A spinal tumor is an abnormal mass of tissue within or surrounding the spinal cord and/or spinal column. These cells grow and multiply uncontrollably, seemingly unchecked by the mechanisms that control normal cells.
One way to describe a spine tumor is by whether it is primary or metastatic:
- A primary tumor is one that originated in the area in the area in which it is found.
- A metastatic tumor is one that develops as an extension of another cancer (such as lung, breast, colon, or kidney).
Another way to describe a tumor is by whether it is benign vs. malignant:
- A benign spinal tumor usually has definite borders and clean edges and does not infiltrate into healthy tissue. A benign tumor is not cancer, but it may need to be removed if it’s causing symptoms or creating pressure on the spine. Benign spine tumors include meningiomas, schwannomas, osteoid osteomas, and osteoblastomas.
- A malignant tumor is a cancerous growth that spreads and infiltrates into other tissue. Malignant spine tumors include chondrosarcomas, Ewing sarcomas, and osteosarcomas.
Spinal tumors may be referred to by the region of the spine in which they occur. These basic areas are cervical, thoracic, lumbar and sacrum. Additionally, they also are classified by their location in the spine into three major groups: intradural-extramedullary, intramedullary and extradural.
- Intradural-extramedullary: These are tumors that occur outside the spinal cord but within its protective covering. These tumors are often meningiomas, Schwannomas, or neurofibromas. Like intramedullary tumors, these tumors are often benign, but they can be difficult to remove surgically and may recur after treatment.
- Intramedullary: These tumors grow in the spinal cord itself, or in the nerves extending from the spinal cord, usually in the upper spine or neck (called the cervical spine). They are often astrocytomas, ependymomas, or hemangioblastomas. Intramedullary tumors are usually benign but can also be difficult to remove due to their location.
- Extradural: These are the most common type of spinal tumors, forming outside the spinal cord and the dura in the bones and cartilage of the vertebrae. Some extradural tumors, such as osteosarcomas, osteoblastomas, and osteoid osteomas, arise from the vertebrae themselves (primary), but extradural tumors are more often metastatic tumors that spread from cancers of the lung, breast, prostate, and kidney.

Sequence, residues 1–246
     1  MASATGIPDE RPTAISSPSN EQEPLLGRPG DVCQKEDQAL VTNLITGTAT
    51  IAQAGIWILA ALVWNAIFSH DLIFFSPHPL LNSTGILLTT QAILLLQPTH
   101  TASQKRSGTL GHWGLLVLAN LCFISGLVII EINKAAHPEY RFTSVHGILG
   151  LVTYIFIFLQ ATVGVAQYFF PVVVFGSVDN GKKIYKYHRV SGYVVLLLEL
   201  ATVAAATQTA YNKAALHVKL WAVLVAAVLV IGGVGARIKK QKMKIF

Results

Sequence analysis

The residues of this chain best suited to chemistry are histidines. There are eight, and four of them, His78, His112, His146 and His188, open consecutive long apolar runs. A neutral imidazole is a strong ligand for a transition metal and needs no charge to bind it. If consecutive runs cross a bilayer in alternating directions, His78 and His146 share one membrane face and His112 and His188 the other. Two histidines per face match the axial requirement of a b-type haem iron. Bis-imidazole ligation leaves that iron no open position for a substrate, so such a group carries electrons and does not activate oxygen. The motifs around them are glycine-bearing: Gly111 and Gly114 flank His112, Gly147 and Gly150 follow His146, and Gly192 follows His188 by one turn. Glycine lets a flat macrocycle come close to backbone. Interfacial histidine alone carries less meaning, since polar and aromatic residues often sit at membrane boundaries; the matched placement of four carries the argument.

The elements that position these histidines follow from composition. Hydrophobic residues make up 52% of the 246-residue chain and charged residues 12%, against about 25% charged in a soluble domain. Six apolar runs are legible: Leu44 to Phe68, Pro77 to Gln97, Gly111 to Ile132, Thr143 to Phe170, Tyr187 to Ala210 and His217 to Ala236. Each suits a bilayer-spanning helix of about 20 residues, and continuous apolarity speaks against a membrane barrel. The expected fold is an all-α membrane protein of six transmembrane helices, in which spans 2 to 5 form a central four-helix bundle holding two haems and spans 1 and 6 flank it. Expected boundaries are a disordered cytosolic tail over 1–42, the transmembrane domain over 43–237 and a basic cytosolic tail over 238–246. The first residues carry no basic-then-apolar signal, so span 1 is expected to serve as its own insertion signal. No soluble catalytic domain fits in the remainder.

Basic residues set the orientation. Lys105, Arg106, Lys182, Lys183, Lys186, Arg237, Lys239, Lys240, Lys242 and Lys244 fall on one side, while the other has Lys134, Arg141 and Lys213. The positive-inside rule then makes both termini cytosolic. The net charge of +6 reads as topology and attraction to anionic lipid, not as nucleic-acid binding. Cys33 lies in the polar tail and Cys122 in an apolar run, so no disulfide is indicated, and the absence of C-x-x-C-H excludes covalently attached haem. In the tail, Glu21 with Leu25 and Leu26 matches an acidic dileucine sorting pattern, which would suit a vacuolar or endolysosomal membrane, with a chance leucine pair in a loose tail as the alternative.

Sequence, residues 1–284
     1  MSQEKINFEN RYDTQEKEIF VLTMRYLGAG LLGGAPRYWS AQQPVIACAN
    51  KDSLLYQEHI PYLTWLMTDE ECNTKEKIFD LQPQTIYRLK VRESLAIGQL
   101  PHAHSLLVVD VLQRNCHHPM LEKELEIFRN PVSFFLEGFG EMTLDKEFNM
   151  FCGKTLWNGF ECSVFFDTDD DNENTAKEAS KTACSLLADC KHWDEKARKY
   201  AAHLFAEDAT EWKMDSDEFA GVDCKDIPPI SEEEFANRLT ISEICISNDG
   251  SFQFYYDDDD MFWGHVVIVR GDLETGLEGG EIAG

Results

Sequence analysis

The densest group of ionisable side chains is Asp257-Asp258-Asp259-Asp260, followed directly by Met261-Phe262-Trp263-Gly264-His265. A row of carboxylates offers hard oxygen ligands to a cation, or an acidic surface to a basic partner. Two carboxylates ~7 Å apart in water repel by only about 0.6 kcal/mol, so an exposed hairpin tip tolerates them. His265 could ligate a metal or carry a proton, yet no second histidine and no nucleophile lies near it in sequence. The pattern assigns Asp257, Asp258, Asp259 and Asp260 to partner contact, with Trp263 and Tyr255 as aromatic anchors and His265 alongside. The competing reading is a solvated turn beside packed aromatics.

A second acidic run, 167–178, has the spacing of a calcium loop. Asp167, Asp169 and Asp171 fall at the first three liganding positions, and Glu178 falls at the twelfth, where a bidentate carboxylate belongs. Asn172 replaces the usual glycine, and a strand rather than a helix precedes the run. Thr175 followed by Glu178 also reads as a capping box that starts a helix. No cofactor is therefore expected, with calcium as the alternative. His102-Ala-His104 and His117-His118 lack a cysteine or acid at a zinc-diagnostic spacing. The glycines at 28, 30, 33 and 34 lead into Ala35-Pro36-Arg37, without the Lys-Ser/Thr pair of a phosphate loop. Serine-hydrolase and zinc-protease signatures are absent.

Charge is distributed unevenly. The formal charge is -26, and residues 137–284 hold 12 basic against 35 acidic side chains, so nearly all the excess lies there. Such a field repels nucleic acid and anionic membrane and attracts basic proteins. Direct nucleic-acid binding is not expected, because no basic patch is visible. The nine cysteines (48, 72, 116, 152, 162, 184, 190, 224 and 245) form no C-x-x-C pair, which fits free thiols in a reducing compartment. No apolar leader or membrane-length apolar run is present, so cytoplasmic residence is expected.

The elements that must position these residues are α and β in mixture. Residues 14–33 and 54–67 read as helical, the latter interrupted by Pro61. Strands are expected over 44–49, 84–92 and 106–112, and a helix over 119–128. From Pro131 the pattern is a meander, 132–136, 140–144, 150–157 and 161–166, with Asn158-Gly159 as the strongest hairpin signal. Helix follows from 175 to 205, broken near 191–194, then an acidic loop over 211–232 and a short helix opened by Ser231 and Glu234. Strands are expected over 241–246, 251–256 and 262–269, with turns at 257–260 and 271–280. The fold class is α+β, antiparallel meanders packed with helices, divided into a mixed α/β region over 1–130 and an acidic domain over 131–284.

Non-mechanical back pain, especially in the middle or lower back, is the most frequent symptom of both benign and malignant spinal tumors. This back pain is not specifically attributed to injury, stress or physical activity. However, the pain may increase with activity and is often worse at night. Pain may spread beyond the back to the hips, legs, feet or arms and may worsen over time — even when treated by conservative, nonsurgical methods that can often help alleviate back pain attributed to mechanical causes. Depending on the location and type of tumor, other signs and symptoms can develop, especially as a malignant tumor grows and compresses on the spinal cord, the nerve roots, blood vessels or bones of the spine. Impingement of the tumor on the spinal cord can be life-threatening in itself.
Additional symptoms can include the following:
- Loss of sensation or muscle weakness in the legs, arms or chest
- Difficulty walking, which may cause falls
- Decreased sensitivity to pain, heat and cold
- Loss of bowel or bladder function
- Paralysis that may occur in varying degrees and in different parts of the body, depending on which nerves are compressed
- Scoliosis or other spinal deformity resulting from a large, but benign tumor
A thorough medical examination with emphasis on back pain and neurological deficits is the first step to diagnosing a spinal tumor. Radiological tests are required for an accurate and positive diagnosis which includes – X-ray, CT scan, MRI
After radiological confirmation of the tumor, the only way to determine whether the tumor is benign or malignant is to examine a small tissue sample (extracted through a biopsy procedure) under a microscope. If the tumor is malignant, a biopsy also helps determine the cancer’s type, which subsequently determines treatment options.
Treatment options include surgery, radiation, chemotherapy, or a combination of all three depending on the unique circumstances associated with each individual tumor.
Tumors that are asymptomtic or mildly symptomatic and do not appear to be changing or progressing may be observed and monitored with regular MRIs. Some tumors respond well to chemotherapy and others to radiation therapy. However, there are specific types of metastatic tumors that are inherently radioresistant (i.e. gastrointestinal tract and kidney): in those cases, surgery may be the only viable treatment option.
Multiple surgical treatment options are available ranging from surgery to correct spinal deformity or neural compression to interventional techniques where cement is injected into the bone to help strengthen the spine.